WG33 – Philmont Trail Food

Over the years the Philmont trail meals have become very healthy, tasty, filling, and efficient.  Each lunch and most breakfasts are designed such that you need not use stoves.  Each supper has a dehydrated entrée that will require boiling water to re-hydrate.  Many of the items in the meals are exactly what you would see in any grocery store.

If any members of your crew have food allergies, they will need to review the ingredients of the current Trail Menu when it is available in April or May.  But before that, they can get an idea of what is in the items on the menu by reviewing the one from last year, posted on the Watchu Experience Web site (www.watchu.org) in the Medical section of the Trek Preparation page.

Procedures for providing substitute food items to accommodate allergies are spelled out in the Guidebook to Adventure included in the Advisor’s Package from Philmont as well as the “Dining in the Backcountry” page of the Philmont Web site (http://www.philmontscoutranch.org/Camping/Hikers/Dining.aspx).  In general, they consist of separately packaging and identifying the items by meal, and delivering the packages to Logistics on Day 1 at Philmont.  The Logistics department will have the packages delivered to the appropriate backcountry commissary for pickup with the crew’s regular food re-supply.  See Medical FAQ #11 for an outline of how special dietary needs are handled while on the Colorado Tour and at Philmont.


Watchu Mountain Adventure meals:  During the Watchu Mountain Adventure you will be eating Philmont backcountry food:  Breakfast #7, Breakfast #10, Lunch #3, Lunch #7, and Dinner #6 from the 2014 Philmont Trail Food Menu.  If any member of your crew has allergies to items in those meals, you will need to bring suitable substitutes, the same as you will do at Philmont.


Tip:  Every crew should carry an ample quantity of two-inch duct tape.  Not an entire roll – maybe three or four yards.  Outside of zip lock bags and rubber bands, duct tape has got to be the greatest backcountry tool yet invented.  For example, you can even use it for first aid – it is especially good for taping up those blistered feet.  It can’t be beat for general-purpose repairs of tents, tarps, backpacks, and rain suits.  And at every meal you will use it to help compact your Paper, Cardboard, and Plastic (PCP) waste.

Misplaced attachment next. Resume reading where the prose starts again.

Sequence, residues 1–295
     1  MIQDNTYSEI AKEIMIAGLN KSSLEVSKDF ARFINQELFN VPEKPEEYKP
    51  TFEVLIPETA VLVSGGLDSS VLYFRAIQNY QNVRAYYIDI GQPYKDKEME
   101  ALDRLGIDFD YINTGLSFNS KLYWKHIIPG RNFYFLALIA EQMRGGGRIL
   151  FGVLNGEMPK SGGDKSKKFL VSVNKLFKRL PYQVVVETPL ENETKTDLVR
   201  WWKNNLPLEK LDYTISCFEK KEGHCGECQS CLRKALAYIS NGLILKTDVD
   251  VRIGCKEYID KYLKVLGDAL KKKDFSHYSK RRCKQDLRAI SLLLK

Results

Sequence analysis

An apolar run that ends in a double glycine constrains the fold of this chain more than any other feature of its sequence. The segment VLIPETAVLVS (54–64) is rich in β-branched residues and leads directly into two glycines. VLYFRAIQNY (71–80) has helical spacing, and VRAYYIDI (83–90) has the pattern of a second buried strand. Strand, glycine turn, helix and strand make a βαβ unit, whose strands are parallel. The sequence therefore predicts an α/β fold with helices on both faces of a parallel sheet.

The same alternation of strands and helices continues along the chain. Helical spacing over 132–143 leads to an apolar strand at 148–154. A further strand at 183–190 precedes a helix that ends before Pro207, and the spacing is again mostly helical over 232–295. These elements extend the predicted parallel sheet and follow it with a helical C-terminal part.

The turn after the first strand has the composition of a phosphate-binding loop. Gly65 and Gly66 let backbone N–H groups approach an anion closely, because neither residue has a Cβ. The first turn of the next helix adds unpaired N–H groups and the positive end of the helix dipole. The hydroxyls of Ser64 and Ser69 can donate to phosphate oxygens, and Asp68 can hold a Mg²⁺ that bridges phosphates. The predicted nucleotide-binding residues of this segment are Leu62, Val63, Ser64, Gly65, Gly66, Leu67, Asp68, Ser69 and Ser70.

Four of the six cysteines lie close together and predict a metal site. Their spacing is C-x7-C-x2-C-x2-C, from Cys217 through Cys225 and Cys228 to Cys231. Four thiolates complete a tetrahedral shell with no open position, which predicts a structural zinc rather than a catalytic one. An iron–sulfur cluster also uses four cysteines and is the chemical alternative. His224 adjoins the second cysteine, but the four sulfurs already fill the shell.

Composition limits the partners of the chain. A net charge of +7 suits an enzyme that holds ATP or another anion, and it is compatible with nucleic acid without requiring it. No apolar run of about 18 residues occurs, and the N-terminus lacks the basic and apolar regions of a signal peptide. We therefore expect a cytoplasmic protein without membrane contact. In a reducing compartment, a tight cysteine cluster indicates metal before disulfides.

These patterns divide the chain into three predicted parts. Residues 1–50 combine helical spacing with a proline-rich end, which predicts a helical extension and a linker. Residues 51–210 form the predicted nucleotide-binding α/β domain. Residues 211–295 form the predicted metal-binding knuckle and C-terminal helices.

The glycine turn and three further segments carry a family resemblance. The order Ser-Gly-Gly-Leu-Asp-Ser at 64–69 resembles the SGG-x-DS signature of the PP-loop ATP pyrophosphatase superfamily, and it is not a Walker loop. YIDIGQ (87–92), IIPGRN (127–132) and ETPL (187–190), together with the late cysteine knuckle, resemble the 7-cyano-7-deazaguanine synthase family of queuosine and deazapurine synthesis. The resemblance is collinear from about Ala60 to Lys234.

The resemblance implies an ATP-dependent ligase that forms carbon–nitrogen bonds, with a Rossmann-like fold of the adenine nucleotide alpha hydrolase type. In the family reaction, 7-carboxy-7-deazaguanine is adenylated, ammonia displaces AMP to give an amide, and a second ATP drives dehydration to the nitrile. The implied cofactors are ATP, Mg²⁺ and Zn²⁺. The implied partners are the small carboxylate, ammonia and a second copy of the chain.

During the Watchu Mountain Adventure you will get a chance to practice this PCP skill with official Philmont food and packaging.  With a little effort, a crew should be able to pack the entire Watchu weekend’s PCP waste into the equivalent of three or four small individual breakfast cereal boxes taped together.  Give it a try!  Bring your tape.  At Philmont, compacting your trash and reducing its bulk benefits your crew by making room in your pack and the staff by minimizing the volume stored in backcountry trash containers.  Check out Trash Compacting in the On the Trail section of the Training Videos page on the Watchu Experience Web site to see how it is done.

Oh yes, the rubber bands come in handy for all kinds of trail applications and repair – the crew should have a handful of various sizes.  One use is to create a waterproof seal when securing a plastic bag with a gooseneck, such as the one you will use to seal your sleeping bag.  Or the one you will use to protect your boots at night outside your tent.  Check out this tip at Watchu.  There will be a few examples for those with sharp eyes.


Bonus Tip #1: Never tear the corner completely off food packages.  For example, when opening an oatmeal package, simply tear the corner so the oatmeal can be removed, yet the corner tab remains connected to the package.  This way the backcountry will not be littered with thousands of small corner tabs.


Bonus Tip #2:  The Crew Chief and crew members should take note of who has that day’s lunch if it will be eaten on the trail – there is nothing worse than having everyone unpack on the trail to find a missing meal.  One method is to distribute the lunch to each pair of tentmates at breakfast – they then know the bag is in one of their packs, and hopefully they will place it near the top!


Bonus Tip #3:  New in 2008, packets of pickle relish and mayonnaise were available at Services in Base Camp, but you had to ask for them.  Also, all items in the Services’ “goodie bag” could be replenished at any backcountry commissary, including “yum-yum” bags, green scrubbies, matches, salt, pepper, sugar, Camp Suds, and Purell.

Chief Watchu comment:  Each crewmember should carry a small bottle of hand sanitizer and Camp Suds.  The Camp Suds provided by Philmont is normally used for meal clean-up, not individual laundry, etc.  And it is good for each crewmember to have a personal supply of hand sanitizer for immediate use rather than looking for the one in the crew supply that should be used by the cooks.


2015 Trek Itineraries are posted on Philmont’s Web site (http://www.philmontscoutranch.org/) and the printed material will be sent to the Lead Advisor of each crew next weekThe online trek selection process will open the first week in April, as it has the past several years.


Phil Fact:  Philmont staff has road access to all but two staffed camps.  Everything at Crooked Creek and Black Mountain camps must be packed in by burro.


For food,

Billy Wetsel
Philturn Scout Reservation, Cimarron, New Mexico
Chuck Wagon Cook (1939)